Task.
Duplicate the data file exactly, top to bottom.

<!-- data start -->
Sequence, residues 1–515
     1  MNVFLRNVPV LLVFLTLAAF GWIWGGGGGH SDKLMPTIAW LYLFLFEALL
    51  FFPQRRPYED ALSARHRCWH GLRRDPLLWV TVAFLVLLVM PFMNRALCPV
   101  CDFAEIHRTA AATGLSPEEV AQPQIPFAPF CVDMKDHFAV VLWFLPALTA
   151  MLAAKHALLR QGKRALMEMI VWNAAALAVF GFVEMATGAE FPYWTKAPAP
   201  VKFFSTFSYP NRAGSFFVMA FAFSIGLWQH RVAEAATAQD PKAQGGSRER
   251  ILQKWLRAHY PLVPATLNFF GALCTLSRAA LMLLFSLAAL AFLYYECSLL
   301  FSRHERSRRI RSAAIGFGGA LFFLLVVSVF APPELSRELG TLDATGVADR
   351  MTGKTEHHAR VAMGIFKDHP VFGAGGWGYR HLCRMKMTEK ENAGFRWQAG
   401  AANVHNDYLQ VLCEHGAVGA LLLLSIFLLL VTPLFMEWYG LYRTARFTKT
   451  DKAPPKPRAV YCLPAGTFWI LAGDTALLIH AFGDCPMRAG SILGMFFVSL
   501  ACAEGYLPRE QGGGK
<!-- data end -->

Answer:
Sequence, residues 1–515
     1  MNVFLRNVPV LLVFLTLAAF GWIWGGGGGH SDKLMPTIAW LYLFLFEALL
    51  FFPQRRPYED ALSARHRCWH GLRRDPLLWV TVAFLVLLVM PFMNRALCPV
   101  CDFAEIHRTA AATGLSPEEV AQPQIPFAPF CVDMKDHFAV VLWFLPALTA
   151  MLAAKHALLR QGKRALMEMI VWNAAALAVF GFVEMATGAE FPYWTKAPAP
   201  VKFFSTFSYP NRAGSFFVMA FAFSIGLWQH RVAEAATAQD PKAQGGSRER
   251  ILQKWLRAHY PLVPATLNFF GALCTLSRAA LMLLFSLAAL AFLYYECSLL
   301  FSRHERSRRI RSAAIGFGGA LFFLLVVSVF APPELSRELG TLDATGVADR
   351  MTGKTEHHAR VAMGIFKDHP VFGAGGWGYR HLCRMKMTEK ENAGFRWQAG
   401  AANVHNDYLQ VLCEHGAVGA LLLLSIFLLL VTPLFMEWYG LYRTARFTKT
   451  DKAPPKPRAV YCLPAGTFWI LAGDTALLIH AFGDCPMRAG SILGMFFVSL
   501  ACAEGYLPRE QGGGK